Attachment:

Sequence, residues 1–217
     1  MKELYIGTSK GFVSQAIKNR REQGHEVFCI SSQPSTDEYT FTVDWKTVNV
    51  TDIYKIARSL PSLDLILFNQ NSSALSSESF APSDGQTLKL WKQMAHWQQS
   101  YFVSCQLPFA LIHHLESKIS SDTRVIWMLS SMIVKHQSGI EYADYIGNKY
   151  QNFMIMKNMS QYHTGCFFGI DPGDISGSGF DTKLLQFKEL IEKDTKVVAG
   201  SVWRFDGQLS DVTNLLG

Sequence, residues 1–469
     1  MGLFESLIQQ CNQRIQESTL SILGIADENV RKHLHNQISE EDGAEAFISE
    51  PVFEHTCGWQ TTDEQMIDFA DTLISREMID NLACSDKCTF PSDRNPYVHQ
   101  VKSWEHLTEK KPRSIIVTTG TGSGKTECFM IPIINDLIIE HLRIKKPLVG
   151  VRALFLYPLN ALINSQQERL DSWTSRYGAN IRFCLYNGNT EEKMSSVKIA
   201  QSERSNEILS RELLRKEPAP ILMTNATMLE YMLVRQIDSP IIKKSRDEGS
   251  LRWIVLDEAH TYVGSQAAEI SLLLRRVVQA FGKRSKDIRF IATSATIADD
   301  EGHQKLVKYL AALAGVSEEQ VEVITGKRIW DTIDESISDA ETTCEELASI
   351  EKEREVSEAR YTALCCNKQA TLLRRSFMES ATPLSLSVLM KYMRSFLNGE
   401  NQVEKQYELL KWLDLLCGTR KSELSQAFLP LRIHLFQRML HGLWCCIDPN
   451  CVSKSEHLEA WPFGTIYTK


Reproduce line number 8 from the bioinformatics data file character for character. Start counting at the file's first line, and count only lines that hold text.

     1  MGLFESLIQQ CNQRIQESTL SILGIADENV RKHLHNQISE EDGAEAFISE